WePlay Collectibles And The Future Of Esport Memorabilia

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WePlay Collectibles And The Future Of Esport Memorabilia

As everyone jumps on the NFT hype train, ESTNN takes a look at their influence in esports; and chats with WePlay Esports Managing Partner, Yura Lazebnikov, about where their new collection fits in.

NFTs, or Non-Fungible-Tokens, are everywhere right now. And depending on your social media circles, you either love them, hate them, or still aren’t quite sure what all the fuss is about.

There’s always been a close relationship between esports and tech, simply by virtual of the digital nature of esports. So, it was only natural that eventually, we’d start to see the influence of Blockchain and Crypto in the space.

What’s an NFT exactly?

NFTs haven’t just exploded into the collective consciousness in 2021. They’ve been quietly building steam with artists, crypto nerds and collectors behind the scenes since 2014.

They first became possible when the coin Etherium (ETH) released a new standard; the ERC-721 Non-Fungible Token Standard. If that went straight over your head, it’s understandable.

To put it in simple terms, before ERC-721 was released, all cryptocurrency was fungible, or non-unique. Real-world money is fungible too. You can go and trade in your US Dollars for Euros at a currency exchange for equal value, just like you can trade your Bitcoin for ETH.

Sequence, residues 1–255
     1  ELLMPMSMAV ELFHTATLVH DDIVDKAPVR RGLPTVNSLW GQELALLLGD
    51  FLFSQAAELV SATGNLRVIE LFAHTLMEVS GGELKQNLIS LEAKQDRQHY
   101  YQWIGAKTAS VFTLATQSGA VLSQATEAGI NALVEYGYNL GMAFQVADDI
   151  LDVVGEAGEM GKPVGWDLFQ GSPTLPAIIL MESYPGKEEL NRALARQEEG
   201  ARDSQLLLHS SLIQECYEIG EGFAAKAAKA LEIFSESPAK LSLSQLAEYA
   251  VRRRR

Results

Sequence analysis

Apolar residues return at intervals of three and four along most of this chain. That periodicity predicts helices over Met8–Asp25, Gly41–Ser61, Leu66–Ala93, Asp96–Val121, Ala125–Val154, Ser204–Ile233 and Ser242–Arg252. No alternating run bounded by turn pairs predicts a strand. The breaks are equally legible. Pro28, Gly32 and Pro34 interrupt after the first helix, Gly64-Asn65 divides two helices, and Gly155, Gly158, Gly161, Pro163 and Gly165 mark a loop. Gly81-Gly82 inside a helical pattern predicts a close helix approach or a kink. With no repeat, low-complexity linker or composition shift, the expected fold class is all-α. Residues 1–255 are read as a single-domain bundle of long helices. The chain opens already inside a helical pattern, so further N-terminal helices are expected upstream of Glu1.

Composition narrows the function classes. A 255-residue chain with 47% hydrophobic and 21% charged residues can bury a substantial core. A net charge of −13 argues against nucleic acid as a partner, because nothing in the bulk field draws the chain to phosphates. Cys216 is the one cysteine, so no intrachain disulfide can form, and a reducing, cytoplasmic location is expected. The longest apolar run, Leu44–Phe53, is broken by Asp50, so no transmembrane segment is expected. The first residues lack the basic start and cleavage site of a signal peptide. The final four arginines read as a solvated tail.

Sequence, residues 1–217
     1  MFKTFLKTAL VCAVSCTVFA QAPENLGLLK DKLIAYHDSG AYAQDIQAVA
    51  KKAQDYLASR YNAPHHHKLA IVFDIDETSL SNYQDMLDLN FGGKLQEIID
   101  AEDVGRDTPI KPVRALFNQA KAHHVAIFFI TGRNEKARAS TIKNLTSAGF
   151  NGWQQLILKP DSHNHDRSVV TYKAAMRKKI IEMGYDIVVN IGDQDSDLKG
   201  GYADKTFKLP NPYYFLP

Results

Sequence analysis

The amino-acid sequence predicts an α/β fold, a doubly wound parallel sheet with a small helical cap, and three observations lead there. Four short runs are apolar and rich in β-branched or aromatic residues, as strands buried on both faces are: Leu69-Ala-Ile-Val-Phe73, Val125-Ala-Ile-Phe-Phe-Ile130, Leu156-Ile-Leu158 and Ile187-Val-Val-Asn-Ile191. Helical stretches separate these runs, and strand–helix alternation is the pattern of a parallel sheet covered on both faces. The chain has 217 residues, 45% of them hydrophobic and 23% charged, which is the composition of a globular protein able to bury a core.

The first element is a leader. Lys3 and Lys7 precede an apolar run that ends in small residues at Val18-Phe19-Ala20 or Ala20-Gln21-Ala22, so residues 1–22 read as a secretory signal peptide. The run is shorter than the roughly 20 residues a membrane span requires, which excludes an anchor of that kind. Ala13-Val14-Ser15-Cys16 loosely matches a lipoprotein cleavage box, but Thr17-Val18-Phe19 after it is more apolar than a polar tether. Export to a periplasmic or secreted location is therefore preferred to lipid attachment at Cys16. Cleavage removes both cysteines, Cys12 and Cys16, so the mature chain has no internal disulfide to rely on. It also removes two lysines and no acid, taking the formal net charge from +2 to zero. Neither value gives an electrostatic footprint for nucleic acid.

Non-Fungible means it’s unique by some measure. Either one of a kind, or part of a limited set. Applying a Non-Fungible Token to a piece of digital art, or even a twitch clip, gives it a unique digital signature – one that can’t be erased with any clever photoshop either. This doesn’t mean other people can’t get a copy of their own somehow, but it does cement the uniqueness of the original – You can buy a copy of Van Gough’s Starry Night on a hundred online sites or more, but the only original copy is at the Museum of Modern Art in New York City.

NFT’s create a way for artists and collectors to trade digital assets, and ensure the asset continues to maintain it’s value by virtue of its originality. Something which wasn’t so easy in the digital age previously.

The rise of NFT’s in esports

NFTs first started to become prominent back in 2017 with the game, Cryptokitties. A game where you can breed and collect limited-edition cats – each with their own unique crypto token. The ability to uniquely identify original digital assets changed the rules for gamers and esports fans. Now there was a path back to collecting memorabilia – even when it was stored online.

In 2020, two-time TI winning Dota 2 team, OG Esports, teamed up with NIFTY Gateway to create their first foray into esports NFTs. And since then there have been plenty of other organisations, players and teams who have started to dip their toes into the interesting and evolving ecosystem. The Sentinels commemorated their Valorant Masters win in March with the release of an NFT.

With the WePlay AniMajor currently underway, WePlay Esports have announced they’ve teamed up with Binance, the world’s largest cryptocurrency exchange, to release their own collection of NFTs.

WePlay Collectibles

We spoke to Yura Lazebnikov, Managing Partner of WePlay Esports, about what motivated the decision to branch into the crypto world.